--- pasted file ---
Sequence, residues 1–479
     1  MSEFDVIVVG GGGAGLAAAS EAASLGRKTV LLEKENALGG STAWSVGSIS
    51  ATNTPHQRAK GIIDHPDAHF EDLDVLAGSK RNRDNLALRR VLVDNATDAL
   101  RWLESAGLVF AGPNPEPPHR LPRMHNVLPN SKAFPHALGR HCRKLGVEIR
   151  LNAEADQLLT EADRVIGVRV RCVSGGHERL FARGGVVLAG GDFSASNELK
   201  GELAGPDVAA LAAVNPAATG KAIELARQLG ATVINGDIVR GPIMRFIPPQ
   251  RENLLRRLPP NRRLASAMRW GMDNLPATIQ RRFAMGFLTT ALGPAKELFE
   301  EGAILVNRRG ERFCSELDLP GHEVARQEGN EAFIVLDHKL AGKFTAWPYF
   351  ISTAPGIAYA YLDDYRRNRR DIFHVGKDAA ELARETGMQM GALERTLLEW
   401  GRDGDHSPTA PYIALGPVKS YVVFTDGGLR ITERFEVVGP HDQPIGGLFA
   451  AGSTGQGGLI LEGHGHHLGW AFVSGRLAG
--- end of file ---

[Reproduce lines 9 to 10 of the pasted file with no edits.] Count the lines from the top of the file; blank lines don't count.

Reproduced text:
   351  ISTAPGIAYA YLDDYRRNRR DIFHVGKDAA ELARETGMQM GALERTLLEW
   401  GRDGDHSPTA PYIALGPVKS YVVFTDGGLR ITERFEVVGP HDQPIGGLFA